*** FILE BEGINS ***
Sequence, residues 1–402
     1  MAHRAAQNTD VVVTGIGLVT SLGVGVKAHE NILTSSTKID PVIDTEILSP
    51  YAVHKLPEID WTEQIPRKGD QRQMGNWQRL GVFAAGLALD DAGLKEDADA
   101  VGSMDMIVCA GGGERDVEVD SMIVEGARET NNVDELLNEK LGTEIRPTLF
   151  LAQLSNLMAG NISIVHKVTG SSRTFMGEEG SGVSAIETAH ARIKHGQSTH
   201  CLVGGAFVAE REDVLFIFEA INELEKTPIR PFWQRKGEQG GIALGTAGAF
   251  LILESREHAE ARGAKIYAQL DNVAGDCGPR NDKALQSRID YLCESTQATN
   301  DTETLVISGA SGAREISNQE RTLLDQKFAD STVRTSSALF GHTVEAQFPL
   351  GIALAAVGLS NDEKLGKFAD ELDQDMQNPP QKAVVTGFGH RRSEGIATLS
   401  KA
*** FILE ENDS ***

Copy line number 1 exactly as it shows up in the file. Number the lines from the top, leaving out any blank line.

Sequence, residues 1–402